On September 2, 2017, as our tribe’s Secretary of State, I stood on the stage at Cherokee Nation’s annual State of the Nation address. A Cherokee pastor, a full-blood elder fluent in our language, led attendees in singing “Amazing Grace.”
It was a fitting hymn for the moment, written by a 18th century slave trader who found salvation and went on to become an abolitionist.
A day earlier, the Cherokee Nation Supreme Court declared what a federal judge had ruled two days before — that the Treaty of 1866 gave Freedmen and their descendants “all the rights of native Cherokees.” Both courts concluded that Cherokee Nation, a sovereign nation with the right to determine its own standards of citizenship, ceded that right by treaty as it relates to freed slaves of Cherokees and their descendants.
A product of the Reconstruction Era, the Treaty of 1866 between Cherokee Nation and the United States includes provisions on which Cherokee Nation relies today, such as our borders, our relationship with other tribes, and land use, to name a few. The Treaty of 1866 is our last treaty with the United States, and it also reaffirmed important portions of all previous treaties, including the 1835 Treaty of New Echota that provides for our delegate to the U.S. House of Representatives.
The Treaty of 1866 remains alive and well, as a federal judge affirmed. Its relevance today impacts everyone within our treaty-based reservation, because our reservation was effectively reaffirmed by the U.S. Supreme Court in last year’s McGirt case. The Treaty of 1866 is a legally binding document that ties together every agreement Cherokee Nation has ever had with the United States. Breaking the Treaty of 1866 could be our undoing.
This bears repeating: In the Treaty of 1866, we agreed to free our slaves and give them “all” the rights of native Cherokees. Not some rights. Not rights subject to a popular vote. Not rights with an expiration date. “All the rights.” Any right Cherokee Nation had to enslave human beings, or deny them or their descendants full citizenship, was disposed of by treaty 155 years ago.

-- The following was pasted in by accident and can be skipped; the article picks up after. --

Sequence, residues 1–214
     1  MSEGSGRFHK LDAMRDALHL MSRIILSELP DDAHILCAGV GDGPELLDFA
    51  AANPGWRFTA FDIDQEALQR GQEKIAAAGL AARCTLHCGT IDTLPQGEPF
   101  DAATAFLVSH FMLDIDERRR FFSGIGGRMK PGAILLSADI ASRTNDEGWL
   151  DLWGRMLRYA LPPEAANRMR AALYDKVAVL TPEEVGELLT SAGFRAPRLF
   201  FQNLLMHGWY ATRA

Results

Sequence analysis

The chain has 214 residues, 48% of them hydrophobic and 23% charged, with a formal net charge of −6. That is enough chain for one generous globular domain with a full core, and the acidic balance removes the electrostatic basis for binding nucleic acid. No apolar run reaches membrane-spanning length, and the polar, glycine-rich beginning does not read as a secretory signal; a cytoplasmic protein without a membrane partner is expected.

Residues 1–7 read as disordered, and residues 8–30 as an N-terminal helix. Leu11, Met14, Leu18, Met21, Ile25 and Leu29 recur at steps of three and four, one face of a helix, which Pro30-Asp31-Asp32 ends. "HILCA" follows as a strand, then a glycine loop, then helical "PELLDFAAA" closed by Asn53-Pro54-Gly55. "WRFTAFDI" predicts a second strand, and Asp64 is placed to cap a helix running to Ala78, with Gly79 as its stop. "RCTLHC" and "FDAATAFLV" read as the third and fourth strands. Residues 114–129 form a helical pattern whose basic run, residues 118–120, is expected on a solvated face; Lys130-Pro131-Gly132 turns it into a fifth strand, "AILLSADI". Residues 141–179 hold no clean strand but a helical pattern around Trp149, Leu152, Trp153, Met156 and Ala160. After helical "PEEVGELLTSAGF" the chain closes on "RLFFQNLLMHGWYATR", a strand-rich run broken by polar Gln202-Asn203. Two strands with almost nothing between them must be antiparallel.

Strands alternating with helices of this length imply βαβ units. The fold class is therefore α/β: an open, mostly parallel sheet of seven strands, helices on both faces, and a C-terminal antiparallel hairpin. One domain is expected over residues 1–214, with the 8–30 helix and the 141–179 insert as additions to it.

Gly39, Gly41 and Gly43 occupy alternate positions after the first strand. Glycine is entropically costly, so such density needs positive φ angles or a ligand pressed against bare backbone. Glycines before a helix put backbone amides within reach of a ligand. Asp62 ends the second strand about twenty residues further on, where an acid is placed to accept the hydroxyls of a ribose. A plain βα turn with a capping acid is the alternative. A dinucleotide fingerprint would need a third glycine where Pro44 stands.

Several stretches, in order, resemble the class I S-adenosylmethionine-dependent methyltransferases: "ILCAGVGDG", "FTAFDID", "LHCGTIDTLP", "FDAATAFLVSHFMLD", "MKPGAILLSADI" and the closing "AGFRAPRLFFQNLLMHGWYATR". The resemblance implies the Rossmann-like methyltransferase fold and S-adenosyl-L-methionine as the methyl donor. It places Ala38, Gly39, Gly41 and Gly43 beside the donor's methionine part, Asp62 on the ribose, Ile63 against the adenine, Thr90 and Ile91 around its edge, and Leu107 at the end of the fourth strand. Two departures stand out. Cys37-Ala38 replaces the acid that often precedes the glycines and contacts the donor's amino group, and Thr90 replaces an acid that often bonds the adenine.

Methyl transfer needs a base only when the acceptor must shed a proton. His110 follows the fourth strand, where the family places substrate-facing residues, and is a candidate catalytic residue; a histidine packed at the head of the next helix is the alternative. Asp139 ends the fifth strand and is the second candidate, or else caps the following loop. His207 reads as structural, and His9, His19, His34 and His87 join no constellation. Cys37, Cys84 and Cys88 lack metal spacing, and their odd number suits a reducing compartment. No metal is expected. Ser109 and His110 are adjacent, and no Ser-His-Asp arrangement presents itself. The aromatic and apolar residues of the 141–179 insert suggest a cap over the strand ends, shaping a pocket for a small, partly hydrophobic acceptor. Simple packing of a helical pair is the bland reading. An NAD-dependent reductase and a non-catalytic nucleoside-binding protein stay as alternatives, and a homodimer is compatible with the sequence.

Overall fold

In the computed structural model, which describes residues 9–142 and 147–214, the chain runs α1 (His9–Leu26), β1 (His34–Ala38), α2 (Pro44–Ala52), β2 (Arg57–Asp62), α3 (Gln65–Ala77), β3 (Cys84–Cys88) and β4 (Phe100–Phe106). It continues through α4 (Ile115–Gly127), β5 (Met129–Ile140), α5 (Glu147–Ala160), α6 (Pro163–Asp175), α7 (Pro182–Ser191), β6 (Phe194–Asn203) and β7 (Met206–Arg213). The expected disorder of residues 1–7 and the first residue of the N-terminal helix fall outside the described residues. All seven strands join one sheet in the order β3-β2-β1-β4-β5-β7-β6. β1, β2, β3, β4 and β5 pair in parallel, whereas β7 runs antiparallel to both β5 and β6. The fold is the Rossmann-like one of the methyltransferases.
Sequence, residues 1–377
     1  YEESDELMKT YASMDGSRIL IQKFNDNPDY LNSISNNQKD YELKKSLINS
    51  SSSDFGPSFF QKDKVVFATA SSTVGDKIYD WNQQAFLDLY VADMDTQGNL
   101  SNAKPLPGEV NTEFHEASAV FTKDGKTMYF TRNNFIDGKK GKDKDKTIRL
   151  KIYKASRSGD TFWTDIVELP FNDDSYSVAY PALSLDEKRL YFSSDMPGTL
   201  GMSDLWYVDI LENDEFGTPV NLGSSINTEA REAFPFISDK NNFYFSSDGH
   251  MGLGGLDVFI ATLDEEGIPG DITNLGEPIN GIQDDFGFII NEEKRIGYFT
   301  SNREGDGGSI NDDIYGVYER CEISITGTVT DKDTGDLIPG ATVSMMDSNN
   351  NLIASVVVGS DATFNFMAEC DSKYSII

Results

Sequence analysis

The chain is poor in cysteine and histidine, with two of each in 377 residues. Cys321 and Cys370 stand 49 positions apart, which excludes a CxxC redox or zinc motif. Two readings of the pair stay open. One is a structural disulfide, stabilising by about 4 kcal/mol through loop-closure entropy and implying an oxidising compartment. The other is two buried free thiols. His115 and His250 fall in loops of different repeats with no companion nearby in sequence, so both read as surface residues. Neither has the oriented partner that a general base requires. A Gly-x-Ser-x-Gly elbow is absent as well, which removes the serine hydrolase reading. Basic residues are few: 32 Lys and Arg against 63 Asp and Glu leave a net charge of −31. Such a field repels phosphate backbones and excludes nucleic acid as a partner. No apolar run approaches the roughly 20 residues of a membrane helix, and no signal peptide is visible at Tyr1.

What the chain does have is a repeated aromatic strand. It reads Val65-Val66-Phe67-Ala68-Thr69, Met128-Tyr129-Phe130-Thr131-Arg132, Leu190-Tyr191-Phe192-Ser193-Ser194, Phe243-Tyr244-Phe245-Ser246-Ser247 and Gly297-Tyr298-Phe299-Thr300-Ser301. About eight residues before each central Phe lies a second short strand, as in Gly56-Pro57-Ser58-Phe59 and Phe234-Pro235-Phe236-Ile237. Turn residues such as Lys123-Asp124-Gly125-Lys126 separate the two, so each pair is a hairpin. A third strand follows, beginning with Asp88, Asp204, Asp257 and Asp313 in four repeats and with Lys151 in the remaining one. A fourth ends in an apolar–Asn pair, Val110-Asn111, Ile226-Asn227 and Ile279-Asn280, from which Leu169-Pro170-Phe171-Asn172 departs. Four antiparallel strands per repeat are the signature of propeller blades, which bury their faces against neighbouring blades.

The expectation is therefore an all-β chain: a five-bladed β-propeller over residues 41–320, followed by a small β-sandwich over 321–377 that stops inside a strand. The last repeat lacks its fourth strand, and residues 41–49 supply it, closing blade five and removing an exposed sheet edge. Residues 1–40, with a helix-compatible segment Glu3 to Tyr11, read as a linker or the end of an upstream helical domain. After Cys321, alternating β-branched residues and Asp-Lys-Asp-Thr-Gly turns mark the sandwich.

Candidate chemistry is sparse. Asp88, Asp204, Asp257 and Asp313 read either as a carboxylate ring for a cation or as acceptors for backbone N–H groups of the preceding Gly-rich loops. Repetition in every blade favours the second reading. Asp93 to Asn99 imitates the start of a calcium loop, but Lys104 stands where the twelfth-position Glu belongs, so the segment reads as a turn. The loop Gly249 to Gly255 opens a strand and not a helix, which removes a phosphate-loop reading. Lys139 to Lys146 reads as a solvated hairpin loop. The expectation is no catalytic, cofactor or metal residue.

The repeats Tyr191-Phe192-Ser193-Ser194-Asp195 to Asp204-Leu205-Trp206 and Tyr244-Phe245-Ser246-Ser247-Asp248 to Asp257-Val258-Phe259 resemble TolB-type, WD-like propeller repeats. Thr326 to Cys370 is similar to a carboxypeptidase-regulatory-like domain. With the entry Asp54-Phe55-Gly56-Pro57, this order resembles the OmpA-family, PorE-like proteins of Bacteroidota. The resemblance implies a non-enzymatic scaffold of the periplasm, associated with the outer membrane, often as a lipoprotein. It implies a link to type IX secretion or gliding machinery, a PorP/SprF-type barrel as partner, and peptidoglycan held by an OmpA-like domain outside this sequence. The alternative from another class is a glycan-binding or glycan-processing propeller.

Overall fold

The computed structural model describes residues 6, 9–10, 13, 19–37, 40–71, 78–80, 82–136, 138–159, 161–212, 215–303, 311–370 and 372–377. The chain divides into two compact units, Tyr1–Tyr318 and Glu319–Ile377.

U.S. Supreme Court Justice Hugo Black once said, “Great nations, like great men, should keep their word.” The United States has broken every treaty it ever had with the Cherokee Nation. Cherokee Nation is a great nation and, at our best, we keep our word.
For much of the 155 years following the Treaty of 1866, Cherokee Nation and the Freedmen were denied their rights: Cherokee Nation at the hands of the United States and the Freedmen at the hands of the Cherokee Nation. For example, by an overwhelming margin in a 2007 constitutional referendum, Freedmen were denied any claim of citizenship in Cherokee Nation. Ultimately, after generations of effort, Cherokee Nation and the Freedmen successfully regained their rightful status under the law.
For Cherokee citizens of Freedmen descent, the fight continues beyond their legal victories in 2017. February 1, the first day of Black History Month, saw history repeat itself with another legal assault on the rights of Freedmen. For the first time in our modern history a Cherokee Nation citizen of Freedmen descent filed to run for a seat on the Council of the Cherokee Nation, only to be met with a lawsuit alleging that Freedmen lack the right of native Cherokees to run for public office. While I make no endorsement in that particular council race, I condemn the legal challenge.
The anti-Freedmen proponents of the legal challenge cling to a proposition that defies logic, is at odds with history and breaks our sacred promise. They say Freedmen can only achieve the “all rights of native Cherokees” by waging yet another political battle at the ballot box to remove anti-Freedmen language that supposedly remains in the Cherokee Nation Constitution. By their logic, Freedmen may have vindicated their treaty rights in the highest court of our nation and in federal court, but can only enjoy full citizenship by subjecting their hard-earned civil rights to another popular vote. By this logic, if the Freedmen should fail in this repeat political effort, they would then return to court, certainly win again, and then be again subjected to another round of pleading for their civil rights at the ballot box. The Treaty of 1866, which we must not break, imposes no such hurdle.
What the opponents of Freedmen rights ignore is that the issue of full Freedmen citizenship was settled long before 2021, 2017 or 2007. It was settled in 1866, by a treaty that was ratified by the Senate, signed by the President of the United States, and is the supreme law of the land. It was settled by our ancestors. Language in the Cherokee Nation Constitution to the contrary is simply void.
Cherokee Nation is a stronger nation, a greater nation, when it keeps its word. For the last three years we have grown stronger as we have embraced our brothers and sisters of Freedmen descent. We will be less of a nation, a weaker nation, if we turn back now.
The path forward is clear. The Cherokee pastor put it best back on that beautiful day in 2017:
How sweet the sound
That saved a wretch like me
I once was lost, but now I'm found
Was blind, but now I see
Chuck Hoskin Jr.